LectureHop: Hamid Al Bayati
Written by Bwog Staff
So the U.S has been fighting this war for the past few years– you may have heard of it. It’s taken a lot of lives, cost a lot of money, and generally spiraled into a mess of civil war, religious strife, torture, and global disapproval. Listening to Ambassador Hamid Al Bayati recite his government’s policy on Tuesday night during an International Relations Forum (formerly Towards Reconciliation) event, however, I felt blissful waves of revisionism washing over my mind as he allayed our concerns with his Panglossian assertions. The U.S. had no motives but human rights in going to war, he told us. There was a direct link between 9/11 and Saddam Hussein, who was scheming the take over the world by invading oil-rich states one by one. Saddam either destroyed his WMDs while the UN was investigating or covertly smuggled them out of the country. The majority of Iraqis love America’s actions. Violent insurgents and terrorists are from outside of the country. “It’s a transition period.” Don’t worry– things are better than ever, and “eventually [time frame not provided] Iraq will be stable and secure.”
Was I the crazy one for believing all the dreadful things I’d heard about the Iraq fiasco? Here was the ambassador himself, telling us that no matter what the United States has done “we’re all human, we make mistakes.” Because Abu Ghraib is kind of like that time I forgot my sister’s birthday.
Of course, Bayati is not in control of his phrases and memorized statements, as anyone would be quick to point out. A Google search reveals that the ambassador himself was formerly associated with the Shiite Supreme Council for Islamic Revolution in Iraq (Sciri) and a die-hard anti-Saddam agitator, which may explain his repeated exhortations against the deposed despot and also why he skirted questions about U.S. criticism of Iranian interventions in the conflict, given that Sciri has an armed guard funded by Iran. No matter! Bayati toed the line, and toed it well, giving us all new insight into what a puppet regime looks like.
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Oh wait–that was actually Hamid al Bayati, Iraq’s ambassador to the United Nations? Had me fooled for a second there. After all, there were times during the event, hosted by the International Relations Forum Speakers Series, when if you’d closed your eyes, ignored the accent, and imagined Kristol’s self-satisfied muttering in place of Bayati’s dispassionate, tediously diplomatic drawl, you might as well have been listening to the arch neocon and “Daily Show” regular (y’know, from back when there was a “Daily Show”).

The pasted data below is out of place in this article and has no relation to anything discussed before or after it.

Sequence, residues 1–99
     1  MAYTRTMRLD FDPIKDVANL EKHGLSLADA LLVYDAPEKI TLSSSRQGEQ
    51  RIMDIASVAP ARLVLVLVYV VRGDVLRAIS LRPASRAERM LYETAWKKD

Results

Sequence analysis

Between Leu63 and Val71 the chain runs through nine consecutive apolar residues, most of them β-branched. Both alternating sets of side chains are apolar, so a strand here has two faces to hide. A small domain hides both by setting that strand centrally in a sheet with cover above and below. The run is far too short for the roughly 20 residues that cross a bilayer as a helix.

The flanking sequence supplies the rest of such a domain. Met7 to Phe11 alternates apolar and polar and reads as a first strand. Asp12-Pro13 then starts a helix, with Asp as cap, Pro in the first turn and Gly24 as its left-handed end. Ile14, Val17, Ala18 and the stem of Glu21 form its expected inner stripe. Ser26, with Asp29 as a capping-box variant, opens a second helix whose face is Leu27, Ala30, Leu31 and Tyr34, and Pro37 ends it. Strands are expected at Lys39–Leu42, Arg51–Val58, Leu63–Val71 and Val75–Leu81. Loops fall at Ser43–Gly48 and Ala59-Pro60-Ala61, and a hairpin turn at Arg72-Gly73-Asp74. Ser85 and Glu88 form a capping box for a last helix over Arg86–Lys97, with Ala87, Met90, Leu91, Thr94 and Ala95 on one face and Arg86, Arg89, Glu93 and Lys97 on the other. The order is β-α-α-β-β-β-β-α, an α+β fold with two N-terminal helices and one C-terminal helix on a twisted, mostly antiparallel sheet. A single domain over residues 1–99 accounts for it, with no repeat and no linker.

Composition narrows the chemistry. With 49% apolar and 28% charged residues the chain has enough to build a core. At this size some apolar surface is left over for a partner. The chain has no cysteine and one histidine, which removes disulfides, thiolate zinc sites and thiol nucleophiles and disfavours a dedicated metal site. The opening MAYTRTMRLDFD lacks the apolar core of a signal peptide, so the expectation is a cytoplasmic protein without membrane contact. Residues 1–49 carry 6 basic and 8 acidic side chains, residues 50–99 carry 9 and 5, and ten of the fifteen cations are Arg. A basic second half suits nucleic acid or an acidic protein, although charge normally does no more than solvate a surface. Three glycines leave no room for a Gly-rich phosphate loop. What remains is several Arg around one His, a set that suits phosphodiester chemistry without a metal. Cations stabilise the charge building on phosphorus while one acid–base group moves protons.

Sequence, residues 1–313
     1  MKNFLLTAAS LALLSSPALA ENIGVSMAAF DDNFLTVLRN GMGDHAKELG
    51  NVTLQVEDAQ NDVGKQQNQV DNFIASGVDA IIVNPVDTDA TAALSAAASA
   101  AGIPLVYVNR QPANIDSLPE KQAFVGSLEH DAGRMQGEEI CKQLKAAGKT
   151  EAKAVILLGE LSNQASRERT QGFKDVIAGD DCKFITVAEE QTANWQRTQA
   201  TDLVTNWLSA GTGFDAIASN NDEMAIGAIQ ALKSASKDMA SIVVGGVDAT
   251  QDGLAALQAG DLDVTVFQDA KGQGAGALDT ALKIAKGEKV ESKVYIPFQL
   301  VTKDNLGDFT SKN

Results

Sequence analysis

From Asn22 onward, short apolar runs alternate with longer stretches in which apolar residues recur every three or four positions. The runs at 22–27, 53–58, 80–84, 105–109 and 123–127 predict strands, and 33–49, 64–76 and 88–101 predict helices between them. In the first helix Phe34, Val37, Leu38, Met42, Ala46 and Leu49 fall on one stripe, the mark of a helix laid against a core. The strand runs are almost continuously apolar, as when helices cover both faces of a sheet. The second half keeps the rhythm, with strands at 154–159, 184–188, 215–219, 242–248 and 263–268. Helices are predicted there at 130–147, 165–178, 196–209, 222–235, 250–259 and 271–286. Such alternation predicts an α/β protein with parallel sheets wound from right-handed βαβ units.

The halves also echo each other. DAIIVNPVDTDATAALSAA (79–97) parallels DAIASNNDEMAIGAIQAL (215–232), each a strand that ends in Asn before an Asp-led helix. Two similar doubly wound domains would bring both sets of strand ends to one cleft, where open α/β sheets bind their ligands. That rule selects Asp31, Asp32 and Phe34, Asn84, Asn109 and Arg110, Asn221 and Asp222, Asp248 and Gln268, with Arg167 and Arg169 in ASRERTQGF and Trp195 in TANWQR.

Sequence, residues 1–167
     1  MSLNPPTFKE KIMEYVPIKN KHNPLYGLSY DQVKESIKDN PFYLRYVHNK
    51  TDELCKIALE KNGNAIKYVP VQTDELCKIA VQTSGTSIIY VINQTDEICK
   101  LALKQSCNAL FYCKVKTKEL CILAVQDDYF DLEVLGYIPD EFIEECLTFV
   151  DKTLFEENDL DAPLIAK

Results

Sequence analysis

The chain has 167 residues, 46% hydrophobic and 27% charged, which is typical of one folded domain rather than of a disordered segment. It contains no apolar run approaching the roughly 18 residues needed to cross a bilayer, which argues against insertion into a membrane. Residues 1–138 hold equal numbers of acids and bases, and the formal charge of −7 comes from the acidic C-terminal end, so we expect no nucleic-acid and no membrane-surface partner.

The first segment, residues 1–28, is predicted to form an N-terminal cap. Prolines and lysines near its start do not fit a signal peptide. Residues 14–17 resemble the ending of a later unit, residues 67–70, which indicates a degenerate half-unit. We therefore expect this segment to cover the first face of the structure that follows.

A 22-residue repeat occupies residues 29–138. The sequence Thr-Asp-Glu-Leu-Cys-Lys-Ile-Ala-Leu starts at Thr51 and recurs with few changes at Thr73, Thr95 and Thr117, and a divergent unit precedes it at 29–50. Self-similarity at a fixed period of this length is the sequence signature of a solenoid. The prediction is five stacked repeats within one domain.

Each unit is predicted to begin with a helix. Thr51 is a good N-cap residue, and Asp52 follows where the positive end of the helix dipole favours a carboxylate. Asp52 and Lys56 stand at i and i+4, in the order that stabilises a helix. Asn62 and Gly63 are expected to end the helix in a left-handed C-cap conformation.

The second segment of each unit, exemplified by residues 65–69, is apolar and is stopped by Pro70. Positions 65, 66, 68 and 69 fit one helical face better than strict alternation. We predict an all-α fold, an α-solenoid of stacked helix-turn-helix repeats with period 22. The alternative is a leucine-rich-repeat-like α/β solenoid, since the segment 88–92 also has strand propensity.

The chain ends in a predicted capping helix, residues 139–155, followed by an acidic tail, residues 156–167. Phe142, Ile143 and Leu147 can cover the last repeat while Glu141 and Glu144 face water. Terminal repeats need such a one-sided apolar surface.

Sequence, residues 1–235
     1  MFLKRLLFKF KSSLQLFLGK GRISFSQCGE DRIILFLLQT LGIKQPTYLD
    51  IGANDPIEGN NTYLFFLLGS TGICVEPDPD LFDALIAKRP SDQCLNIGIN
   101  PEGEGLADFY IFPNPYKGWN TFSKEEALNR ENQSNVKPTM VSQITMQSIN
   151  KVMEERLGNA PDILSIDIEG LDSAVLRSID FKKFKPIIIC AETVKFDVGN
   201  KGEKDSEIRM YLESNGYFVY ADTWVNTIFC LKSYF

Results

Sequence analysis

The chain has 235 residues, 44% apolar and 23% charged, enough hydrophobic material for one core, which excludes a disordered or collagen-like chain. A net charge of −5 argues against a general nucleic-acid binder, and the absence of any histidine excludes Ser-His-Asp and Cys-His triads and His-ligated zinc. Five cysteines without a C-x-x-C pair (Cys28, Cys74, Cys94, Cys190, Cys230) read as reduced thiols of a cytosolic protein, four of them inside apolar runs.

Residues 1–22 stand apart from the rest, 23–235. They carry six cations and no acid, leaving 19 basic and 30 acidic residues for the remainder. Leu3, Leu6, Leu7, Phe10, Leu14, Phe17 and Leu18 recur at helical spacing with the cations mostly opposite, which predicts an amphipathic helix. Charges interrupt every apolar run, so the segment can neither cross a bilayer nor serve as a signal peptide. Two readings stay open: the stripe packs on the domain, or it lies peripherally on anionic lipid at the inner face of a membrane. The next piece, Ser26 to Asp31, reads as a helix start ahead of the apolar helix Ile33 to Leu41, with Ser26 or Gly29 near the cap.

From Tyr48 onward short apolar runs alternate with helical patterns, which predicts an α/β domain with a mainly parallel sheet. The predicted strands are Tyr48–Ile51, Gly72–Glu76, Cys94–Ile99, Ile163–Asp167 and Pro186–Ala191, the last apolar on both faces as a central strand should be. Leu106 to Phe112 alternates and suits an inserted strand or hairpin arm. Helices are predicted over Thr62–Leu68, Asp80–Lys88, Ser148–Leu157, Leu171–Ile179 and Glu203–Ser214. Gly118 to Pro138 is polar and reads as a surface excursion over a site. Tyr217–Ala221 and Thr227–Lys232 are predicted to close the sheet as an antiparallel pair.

The ambassador began his talk by blaming the media for giving the impression that Iraq is on the short rout to hell, and reviewed atrocities committed by Saddam Hussein’s regime. Desipite these, Bayati said that he opposed the invasion from the beginning, although he emphasized that American soldiers are “fighting a noble mission” and deserve our unquestioning support. He cited improvements in the security situation and predicted that 2008 would be Iraq’s year for “reconciliation” before opening the floor to questions.
Your reporter kicked things off by asking him whether the Iraqi government had a long-term plan for diffusing the insurgency; the question went virtually untouched, as it did about a half an hour later when a different questioner asked how the government planned on disarming Moqtada al Sadr’s Mahdi Army. Twice the ambassador categorically rejected the idea that the Americans invaded in order to control Iraq’s oil wealth, and at several points he downplayed the significance of ethnic conflict between the Shii’te, Sunnis and Kurds.
You could accuse him of sugar-coating his country’s abysmal situation, or worse, of being wilfully ignorant to the realities on the ground (which he might be: the ambassador is still wondering what happened to Saddam’s WMDs). But really–what’s a poor diplomat to do? If you had to represent the world’s foremost basket case, you wouldn’t spend an awful lot of time looking up from your talking points either.
Indeed, it would be absurd to slam Bayati for hewing to a strict, George Bush-style party line. As one questioner pointed out, Bayati’s endorsement/carefully worded non-endorsement of American involvement in Iraq (which, if I followed it right, goes a little like this: we never should have invaded although our reasons for invading were more than legitimate, and now that we’re there we should pretty much be able to stay stay as long as we want) implies that the US should be sending troops to every despotic hellhole on Earth. But American policy is really besides the point–in the end, Bayati is answerable only to his war-ravaged constituency, his thoughts on the implementation of American power notwithstanding.
So the only relevant question–and a question that was never addressed or answered–is whether American power and the strict accommodation of our political and military agenda is actually helpful to anyone, never mind the 25 million Iraqis Bayati represents. Although moderator David Eisenbach unsuccessfully pressured Bayati on some of these issues by, for instance, asking him whether or not he thought America’s military presence was actually doing anything to discourage terrorism and instability, one missing piece of context reveals that the ambassador’s aggravating spin didn’t indicate simple obliviousness: Bayati was active in Indict, a British-based organization that was committed to brining Iraqi leaders to justice through the existing international legal framework. Bayati actually did oppose the invasion and the occupation of 2003-04–he isn’t a shill for American militarism, but an advocate for what’s in the best interests of the Iraqi people. Somehow I doubt he likes being able to fill both roles simultaneously.